This painted pumpkin sits on a grave monument at Gorham’s Hillside Cemetery, where ghostly things have happened. Robert Lowell / American Journal

GORHAM — Tales of ghouls and ghosts come alive on Halloween, especially those that arise from the old cemeteries in Gorham, Buxton and Westbrook.

Spotted in Gorham Monday on a Hillside Cemetery gravestone, a painted face on a pumpkin heightens the cemetery’s haunted reputation.

A half dozen teenagers from the Little Falls area tried to raise a ghost at the cemetery and got more than they bargained for when visiting the graveyard about 15 years ago.

Retired town clerk and former Town Council Chairwoman Brenda Caldwell recalled the teenagers’ story this week, but she didn’t name anyone. She said a high school student’s grandfather had died and a group of his friends, boys and girls, prowled around Hillside. Armed with cameras, the teenagers had hoped to conjure up the old man’s ghost and take photographic evidence of it.

But a long arm stretched out and collared the whole bunch – long arm of the law, that is. Besides getting photos, “They also got arrested by a police officer,” Caldwell said.

The students were good kids, Caldwell said, but they had been mistaken for graveyard vandals.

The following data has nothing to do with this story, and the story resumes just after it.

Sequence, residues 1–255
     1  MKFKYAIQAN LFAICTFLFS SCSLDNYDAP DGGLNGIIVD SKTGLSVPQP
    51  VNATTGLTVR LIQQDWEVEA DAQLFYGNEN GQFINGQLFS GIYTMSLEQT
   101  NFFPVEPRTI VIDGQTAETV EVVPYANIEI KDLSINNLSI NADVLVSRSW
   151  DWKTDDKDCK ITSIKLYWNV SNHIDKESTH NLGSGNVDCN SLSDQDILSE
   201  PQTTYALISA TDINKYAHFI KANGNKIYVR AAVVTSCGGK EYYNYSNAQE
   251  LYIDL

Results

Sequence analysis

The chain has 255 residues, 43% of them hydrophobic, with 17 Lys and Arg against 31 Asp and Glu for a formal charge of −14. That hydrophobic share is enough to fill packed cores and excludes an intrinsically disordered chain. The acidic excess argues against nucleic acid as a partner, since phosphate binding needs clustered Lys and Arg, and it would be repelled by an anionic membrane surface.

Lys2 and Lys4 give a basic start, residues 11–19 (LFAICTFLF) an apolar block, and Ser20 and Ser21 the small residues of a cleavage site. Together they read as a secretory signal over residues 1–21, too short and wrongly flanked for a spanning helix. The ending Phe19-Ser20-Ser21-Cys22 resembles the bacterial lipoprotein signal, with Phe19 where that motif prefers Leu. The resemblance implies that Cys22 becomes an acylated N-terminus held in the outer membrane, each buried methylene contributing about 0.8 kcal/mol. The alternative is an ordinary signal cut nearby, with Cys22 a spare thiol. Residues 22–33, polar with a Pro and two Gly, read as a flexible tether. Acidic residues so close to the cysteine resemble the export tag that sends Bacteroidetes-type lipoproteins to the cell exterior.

Caldwell viewed the teenagers’ photos depicting shadows and lights. “I didn’t see any human forms,” she said.

Last spring, Caldwell presented a program about Gorham cemeteries at a historical society meeting. She told of an unusual Eastern Cemetery gravestone, a long and narrow slab, that she called a “table stone.” Several years ago, a woman’s neatly folded clothes, including underwear and sneakers, were discovered on the stone. Caldwell said the apparel was never claimed.

Neighboring towns have some cemetery stories, too.

Richard “Sandy” Atkinson, president of the South Buxton Cemetery Board of Directors,  said that as a boy, he had a job mowing grass and raking in the old graveyard. He and other young boys took their lunch pails into an old tomb to eat where it was cool.

One day the older boys conspired and left the tomb one by one. He suddenly heard the tomb door slam shut. “That was my last day working in the cemetery,” Atkinson said. “I never forgot it.”

A tomb at the South Buxton Cemetery has a secret panel. During prohibition days, it was used to hide alcohol from the sheriff.

In Westbrook, a worker now long dead had told of digging graves by hand as a young man in the St. Hyacinth’s Cemetery on Stroudwater Street. He recalled one job when the digging was exceptionally hard and he had worked through the night.

It was nearly sunrise when a man driving a horse pulling a milk wagon was passing the cemetery. As the milkman passed, the grave digger popped his head up from the grave to holler, “What time is it?”

The frightened milkman cracked his whip and galloped his horse full tilt towards downtown, according to the story.

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